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History of Political Economy 32.4 (2000) 919-932
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Exploring the Fault Lines:
Introduction to the Minisymposium on the History of Economic Anthropology
This HOPE minisymposium has been prompted by a question I have been asking friends in anthropology for some time now, namely, where are the writers who are revisiting and rethinking the history of economic anthropology? Lest one wonders if this question asks for something that no one wants, or else is hopelessly naive, let me quickly add that, in stark contrast to economics, anthropology has welcomed a wider range of philosophical reflections on its problems and prospects; has recently pioneered within its ranks the development and legitimization of a specialization in the history of anthropology, best represented by the work of George Stocking Jr. in America and Adam Kuper in Britain; and in general has revealed greater tolerance for inquiry into revisions of the fundamental tenets of the discipline. But having acknowledged these facts, some years of experience have convinced me, at least, that there is a serious lacuna in modern American anthropology having to do with an unwillingness to confront the heritage and status of their subfield known as “economic anthropology.” To put the case in a perhaps overly dramatic fashion, I suspect that the history of the specialization of economic anthropology has not been an altogether happy one for anthropologists in the recent past (while for economists it has been mostly invisible), and that this has had more than a little to do with long-standing tensions between the disciplines of anthropology and economics, as well [End Page 919] as postwar developments internal to the respective fields. Even more distressing, most historians of anthropology have shied away from dealing with the topic, apparently in order to preempt rekindling the blood feuds of honored ancestors. In a strange inversion, many economic anthropologists have displayed a strong interest in the history of economics itself, revealing more familiarity with François Quesnay and Marx than most modern economists (Gudeman 1986; Gregory 1982), but betray little or no motivation to confront the history of economic anthropology, other than as ceremonial homage paid to a small collection of classic texts.
Although many would deny that the situation is anywhere near so dire in the present, conversations with a number of economic anthropologists essentially confirm a tempered version of this hypothesis. Further, ethnological sojourns among the Anthro in their annual potlatches have provided further evidence.1 Economists have made a few tentative attempts to raise the issue of the narrative outlines of the history of economic anthropology as a discipline (Mirowski, 1994, 1997; Lodewijks 1994); their overtures, however, have been met with frosty silence on the part of anthropologists. This brings us to the centerpiece of our minisymposium, Heath Pearson’s essay “Homo Economicus Goes Native.” It seems that, if neither side will muster sufficient enthusiasm to explore the historical issues involved, then the task will devolve to outsiders to both disciplines to set out and write the history of economic anthropology. Pearson’s article approaches the question from a background in German studies, which is quite fortunate, given that the bulk of the earliest literature on what was once called “the economics of primitive man” was in fact written in German.2 Pearson’s essay constructs the narrative from the mid-nineteenth century up until 1945 around the disputed question of whether the aboriginal was essentially different from Homo economicus, or structurally similar but divergent in goals, or fundamentally identical. He provides prodigious evidence that, even in the German literature, the [End Page 920] question would frequently be phrased in individualist and psychological terms. In his telling, after 1945 the assertion of complete identity won out, thus undercutting much of the rationale for the existence of a separate or distinct discipline of economic anthropology.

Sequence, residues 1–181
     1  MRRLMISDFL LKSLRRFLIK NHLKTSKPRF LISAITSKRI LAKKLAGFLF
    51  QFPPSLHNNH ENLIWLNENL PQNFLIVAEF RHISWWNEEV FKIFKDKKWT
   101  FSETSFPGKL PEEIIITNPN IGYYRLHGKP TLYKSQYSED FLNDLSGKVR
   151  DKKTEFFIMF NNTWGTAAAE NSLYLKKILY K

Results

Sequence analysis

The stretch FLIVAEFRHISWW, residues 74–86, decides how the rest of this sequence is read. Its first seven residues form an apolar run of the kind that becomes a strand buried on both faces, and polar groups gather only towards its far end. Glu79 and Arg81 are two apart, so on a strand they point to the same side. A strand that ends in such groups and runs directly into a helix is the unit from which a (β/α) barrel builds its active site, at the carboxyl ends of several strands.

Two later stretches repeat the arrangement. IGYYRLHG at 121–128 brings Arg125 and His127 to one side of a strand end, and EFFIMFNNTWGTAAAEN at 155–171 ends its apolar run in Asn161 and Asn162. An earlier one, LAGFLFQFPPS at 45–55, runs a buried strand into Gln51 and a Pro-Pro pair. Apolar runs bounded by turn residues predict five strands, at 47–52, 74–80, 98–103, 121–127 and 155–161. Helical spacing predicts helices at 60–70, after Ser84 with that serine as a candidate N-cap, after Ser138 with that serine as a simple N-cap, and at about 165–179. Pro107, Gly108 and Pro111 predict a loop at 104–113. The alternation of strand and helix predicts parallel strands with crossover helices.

It could be suggested that this is just one of many alternative ways the story might be told, although Pearson’s entry point through individual mentalities would seem to be congenial to a fin de siècle economist...